As for overseas trade, King Alfonso sought to benefit from maritime trade in Africa and the Atlantic. He granted permits to foreign merchants subject to Portugal in exchange for paying taxes. When being harmed, the kingdom of Castile also implemented this “open” trade policy.

Consequences

The first major consequence of the signing of the Treaty of Alcáçovas was the delay in Columbus’s expedition to America. Some historians believe that the real reason for the delay of the Catholic kings to authorize Columbus’s trip was the legal uncertainty around the ownership of the territories and waters to be discovered.

There is a controversy among historians on this point. Some believe that the Treaty of Alcáçovas only referred to the “sea of ​​Africa”. That is, the waters already discovered adjacent to the African continent that were occupied by Portugal and Castile.

Others consider that the Treaty granted Portugal rights over the entire Atlantic Ocean, except the Canary Islands. According to this interpretation, all the islands and territories discovered by Christopher Columbus belonged to Portugal, because the treaty establishes Portugal’s ownership of “the lands and waters to be discovered”.

According to this criterion, the delay of the kings Isabel and Fernando to authorize the expedition of Columbus was deliberate. The trip was authorized once the kings of Castile were sure of the ascension to the throne of Alexander VI (Rodrigo Borgia), who was their ally.

They were aware that any controversy with Portugal for this reason would be immediately neutralized by means of a papal bull.

Treaty of Tordesillas

Portugal’s protest was swift, which sparked a series of new diplomatic negotiations between the two kingdoms.

As planned, in 1493 the Catholic kings obtained several papal bulls (Alexandrian bulls); These bulls established a new division of the Atlantic Ocean, effectively repealing the Treaty of Alcáçovas.

Before Columbus’s second voyage, the Portuguese reminded him of the ban on touching the territories of Guinea and the Mine in Africa.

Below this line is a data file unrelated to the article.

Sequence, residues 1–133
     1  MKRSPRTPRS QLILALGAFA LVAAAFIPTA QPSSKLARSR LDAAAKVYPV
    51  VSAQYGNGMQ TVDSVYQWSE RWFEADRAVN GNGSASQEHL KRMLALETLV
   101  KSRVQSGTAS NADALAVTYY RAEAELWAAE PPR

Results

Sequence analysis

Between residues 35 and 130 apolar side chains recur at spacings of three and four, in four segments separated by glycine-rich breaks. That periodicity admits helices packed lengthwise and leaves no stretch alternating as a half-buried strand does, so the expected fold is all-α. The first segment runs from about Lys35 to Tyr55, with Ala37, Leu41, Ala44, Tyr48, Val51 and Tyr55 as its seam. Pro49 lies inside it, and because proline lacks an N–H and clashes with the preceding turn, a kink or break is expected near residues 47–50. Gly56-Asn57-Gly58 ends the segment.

The protests of King Juan of Portugal concluded with the signing of the Treaty of Tordesillas in 1494, in which a new distribution was made a little more favorable to Portugal than that established in the Alexandrian bulls.

Moura third parties

The Treaty of Alcáçovas established the recognition of Isabel as Queen of Castile and the transfer of the Canary Islands to the Spanish kingdom. In addition, the monopoly of Portuguese trade in Africa and the exclusive collection of the tax (fifth real) were recognized.

Apart from this, this treaty resulted in other agreements negotiated in parallel, known as the Tercerías de Moura. In these it was established that the princess Juana de Castilla (Juana la Beltraneja) had to renounce all her rights and titles in the kingdom of Castile.

Likewise, Juana had to choose between marrying Prince Juan de Aragón y Castilla, heir to the Catholic kings Isabel and Fernando, or cloistered for 14 years in a convent. She decided the latter.

Another of the agreements was the wedding of the Infanta Isabel de Aragón, the first-born of the Catholic kings, with Prince Alfonso, the only son of King Juan II of Portugal.

The gigantic dowry paid by the Catholic kings in this marriage was considered a war indemnity to Portugal.

References

  1. Foundations of the Portuguese Empire, 1415-1580. Retrieved on March 31, 2018 from books.google.co.ve
  2. Treaty of Alcaçovas. Retrieved from en.wikisource.org
  3. The Treaty of Alcáçovas-Toledo. Consulted of crossingtheoceansea.com
  4. Treaty of Alcaçovas. Consulted from britannica.com
  5. Treaty of Alcáçovas. Consulted of es.wikipedia.org
  6. Treaty of Alcaçovas. Consulted of oxfordreference.com